3. (C) A/DCM contacted the Ministry of Foreign Affairs and Trade (MFAT) Pacific Division on May 1, and spoke with Fiji desk officer Brian Hewson about next steps. The MFAT official said that the Ministry had received a draft letter from the Forum Chair (Niuean Prime Minister Tolagi) confirming Fiji's suspension on May 2 after the deadline of May 1 had passed. The letter would note the Forum's deep regret that the regime in Suva did not take the actions recommended by Forum leaders, and as a consequence, the PIF leaders have no choice but to confirm Fiji's suspension from PIF activities.

4. (C) Hewson noted that New Zealand will not issue a statement in response to Bainimarama's summit proposal or anything further on the Forum's action until after the Forum Chair makes the news public -- which will likely be May 2. MFAT has concluded that Bainimarama's recent statements and summit proposal were a last-ditch effort to delay suspension and try to drive a wedge between Australia and New Zealand on the one hand, and the rest of the PIF members. He also stated that the summit proposal was an attempt to convince a naive audience that Fiji is willing to engage and only Australia and New Zealand are the problem. Hewson said that Bainimarama had floated a similar proposal before, and referred to the period just prior to the expulsion of the New Zealand acting High Commissioner in late 2008 when the Fiji authorities' offered to send a three-person delegation to New Zealand to sort out differences. Hewson confirmed that a summit meeting with Fiji on Bainimarama's terms was a non-starter.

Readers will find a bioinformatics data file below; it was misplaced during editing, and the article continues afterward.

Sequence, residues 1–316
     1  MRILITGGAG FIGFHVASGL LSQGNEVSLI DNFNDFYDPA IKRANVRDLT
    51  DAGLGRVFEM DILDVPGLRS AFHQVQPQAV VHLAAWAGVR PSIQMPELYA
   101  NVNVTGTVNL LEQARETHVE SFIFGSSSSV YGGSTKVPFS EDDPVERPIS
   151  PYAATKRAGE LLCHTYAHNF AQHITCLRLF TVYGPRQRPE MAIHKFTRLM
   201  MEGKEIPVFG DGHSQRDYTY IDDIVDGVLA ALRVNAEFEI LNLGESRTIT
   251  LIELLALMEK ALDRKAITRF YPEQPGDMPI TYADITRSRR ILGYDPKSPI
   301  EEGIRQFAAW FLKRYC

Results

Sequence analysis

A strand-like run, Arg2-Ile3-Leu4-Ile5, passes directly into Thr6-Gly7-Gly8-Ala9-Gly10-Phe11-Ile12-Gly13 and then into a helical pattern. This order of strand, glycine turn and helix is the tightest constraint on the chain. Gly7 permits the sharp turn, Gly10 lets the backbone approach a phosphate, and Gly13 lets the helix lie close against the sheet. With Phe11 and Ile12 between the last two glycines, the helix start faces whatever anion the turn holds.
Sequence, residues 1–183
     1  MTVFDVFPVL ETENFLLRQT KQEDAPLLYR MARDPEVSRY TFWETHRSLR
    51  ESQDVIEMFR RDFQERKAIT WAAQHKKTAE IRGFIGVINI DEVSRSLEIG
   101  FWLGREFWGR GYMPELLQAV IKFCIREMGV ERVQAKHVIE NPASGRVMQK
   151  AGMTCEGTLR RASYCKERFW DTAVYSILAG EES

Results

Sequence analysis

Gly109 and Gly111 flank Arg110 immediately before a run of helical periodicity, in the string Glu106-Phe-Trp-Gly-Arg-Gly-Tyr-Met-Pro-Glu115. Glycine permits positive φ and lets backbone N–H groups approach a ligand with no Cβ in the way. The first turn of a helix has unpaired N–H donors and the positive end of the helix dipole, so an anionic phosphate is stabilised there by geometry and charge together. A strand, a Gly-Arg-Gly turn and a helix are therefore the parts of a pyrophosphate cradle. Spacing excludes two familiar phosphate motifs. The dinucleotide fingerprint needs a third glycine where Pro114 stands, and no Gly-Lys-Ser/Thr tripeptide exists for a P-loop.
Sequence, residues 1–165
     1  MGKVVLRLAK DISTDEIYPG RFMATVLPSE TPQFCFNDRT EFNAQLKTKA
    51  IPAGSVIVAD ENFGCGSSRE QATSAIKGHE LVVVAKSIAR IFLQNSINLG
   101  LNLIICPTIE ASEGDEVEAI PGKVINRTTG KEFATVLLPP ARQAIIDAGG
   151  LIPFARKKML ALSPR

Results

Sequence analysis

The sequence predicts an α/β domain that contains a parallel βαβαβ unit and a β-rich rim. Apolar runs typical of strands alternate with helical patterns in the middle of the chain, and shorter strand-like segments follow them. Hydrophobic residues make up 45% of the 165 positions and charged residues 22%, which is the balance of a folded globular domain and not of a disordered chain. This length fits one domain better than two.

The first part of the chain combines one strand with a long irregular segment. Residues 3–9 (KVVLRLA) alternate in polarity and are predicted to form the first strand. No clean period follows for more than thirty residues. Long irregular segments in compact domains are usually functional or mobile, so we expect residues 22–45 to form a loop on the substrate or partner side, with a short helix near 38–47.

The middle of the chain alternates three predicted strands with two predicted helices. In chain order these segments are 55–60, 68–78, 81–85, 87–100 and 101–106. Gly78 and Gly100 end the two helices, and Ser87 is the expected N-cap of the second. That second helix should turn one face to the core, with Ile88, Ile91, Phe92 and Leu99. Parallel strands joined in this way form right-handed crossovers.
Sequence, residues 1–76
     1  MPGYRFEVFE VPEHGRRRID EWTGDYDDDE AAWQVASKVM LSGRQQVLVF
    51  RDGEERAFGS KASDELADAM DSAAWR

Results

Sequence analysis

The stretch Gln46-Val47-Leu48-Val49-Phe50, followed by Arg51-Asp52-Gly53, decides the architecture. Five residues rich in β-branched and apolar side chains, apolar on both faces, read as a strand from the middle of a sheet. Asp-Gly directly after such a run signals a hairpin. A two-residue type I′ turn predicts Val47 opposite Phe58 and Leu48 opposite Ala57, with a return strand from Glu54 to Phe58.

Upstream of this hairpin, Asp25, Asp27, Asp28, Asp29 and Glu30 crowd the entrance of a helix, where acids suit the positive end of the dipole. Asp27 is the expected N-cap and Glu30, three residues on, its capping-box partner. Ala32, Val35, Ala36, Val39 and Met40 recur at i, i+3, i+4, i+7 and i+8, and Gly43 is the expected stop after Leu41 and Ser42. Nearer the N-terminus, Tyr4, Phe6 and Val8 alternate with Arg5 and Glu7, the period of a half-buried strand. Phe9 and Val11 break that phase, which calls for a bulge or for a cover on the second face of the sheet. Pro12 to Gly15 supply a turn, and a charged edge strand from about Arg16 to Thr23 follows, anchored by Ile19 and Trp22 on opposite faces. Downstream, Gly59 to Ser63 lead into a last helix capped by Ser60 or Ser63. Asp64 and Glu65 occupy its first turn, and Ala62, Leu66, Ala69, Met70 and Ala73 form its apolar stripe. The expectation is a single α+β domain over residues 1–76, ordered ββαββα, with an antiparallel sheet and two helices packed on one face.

5. (C) New Zealand and Australia are consulting closely on Fiji, said Hewson, particularly with respect to what the post-May 1 environment will be like after the suspension is announced. Neither country has a clear idea as to how the Fijian authorities will react and whether some of the small island states who are dependent on Fiji for transport and other linkages will be negatively affected.

6. (C) The British High Commissioner recently had lunch with FM McCully, who reportedly said that it may be time to push Fiji down the list of priority issues until conditions allow for improved engagement. He allegedly indicated that perhaps things need to get much worse in Fiji before Fijians themselves decide to create the circumstances under which the international community can help things improve.
WELLINGTON 00000107 002 OF 002

Pictures: Toke Talagi (top) and Murray McCully.